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A field of snow-covered pumpkins in Waidring in the Austrian province of Tyrol. (Kerstin Joensson/Associated Press)
A field of snow-covered pumpkins in Waidring in the Austrian province of Tyrol. (Kerstin Joensson/Associated Press)

Talking points: Bill Nye teams with NASA, dogs think they’re people and sixth sense for danger Add to ...

FROM HOOFER TO HOST

Bill Nye the Science Guy may not be much of a dancer, but he’s the right choice to explain a space mission. PCmag.com reports that the affable educator has teamed with NASA to host a new Web series showcasing the space agency’s current Juno probe mission to Jupiter. Nye, 57, was recently a contestant on the reality series Dancing with the Stars, where he suffered a quadriceps injury and was eliminated in early rounds. The new series, titled Why with Nye, is currently available on YouTube’s THNKR channel and features Nye, a real-life mechanical engineer, explaining the science behind the Juno mission, which is on the verge of completing its unprecedented two-year journey to Jupiter. No word on whether he’ll show off his dance moves on the show.

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DOGS THINK THEY’RE PEOPLE

Everybody knows most dogs are affectionate, but why do they love humans so darn much? As reported in Men’s Journal, a new book by neuroscientist Gregory Berns explores how much puppy love has to do with whoever’s filling the food dish. “There’s a contingent of hard-core behaviourists who think that the things dogs do they do just for food and shelter,” said Berns. “To me, there’s no way from looking at a dog to tell the difference.” As research for How Dogs Love Us: A Neuroscientist and His Adopted Dog Decode the Canine Brain, Berns performed extensive MRI testing on his terrier Callie and other dogs and concluded: “Dogs, and probably many other animals, especially our closest primate relatives, seem to have emotions just like us.”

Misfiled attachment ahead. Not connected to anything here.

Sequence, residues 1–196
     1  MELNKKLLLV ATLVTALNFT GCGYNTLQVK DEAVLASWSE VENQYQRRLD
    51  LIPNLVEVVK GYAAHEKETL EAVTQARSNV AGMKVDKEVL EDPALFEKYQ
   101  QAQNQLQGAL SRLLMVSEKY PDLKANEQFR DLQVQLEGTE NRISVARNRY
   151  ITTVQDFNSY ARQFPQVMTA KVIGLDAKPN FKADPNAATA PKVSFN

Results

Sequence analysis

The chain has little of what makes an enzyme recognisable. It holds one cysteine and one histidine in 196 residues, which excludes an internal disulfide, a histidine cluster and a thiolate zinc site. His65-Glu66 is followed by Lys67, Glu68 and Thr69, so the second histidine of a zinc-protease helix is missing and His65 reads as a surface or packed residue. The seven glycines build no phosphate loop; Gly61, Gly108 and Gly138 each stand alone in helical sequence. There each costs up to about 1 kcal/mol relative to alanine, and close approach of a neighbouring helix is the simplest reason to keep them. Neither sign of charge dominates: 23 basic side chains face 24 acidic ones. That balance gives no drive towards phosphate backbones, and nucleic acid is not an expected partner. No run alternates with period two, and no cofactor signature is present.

SPIDEY-SENSE IS REAL

If it feels like you have a sixth sense for spotting danger, you probably do. The Vancouver Sun reports that a study from the University of British Columbia has determined more than half the human population is genetically predisposed to recognize danger wherever it lurks. Focusing on a sizable group of volunteers, the study found slightly more than half had a genetic trait identified as the “ADRA2b deletion variant,” which significantly affects how they perceive the world. “These individuals may be more likely to pick out angry faces in a crowd of people,” said UBC psychology professor Rebecca Todd. “Outdoors, they might notice potential hazards – places you could slip, loose rocks that might fall – instead of seeing the natural beauty.”

THOUGHT DU JOUR

Men can starve from a lack of self-realization as much as they can from a lack of bread.

Richard Wright, Author (1908-1960)

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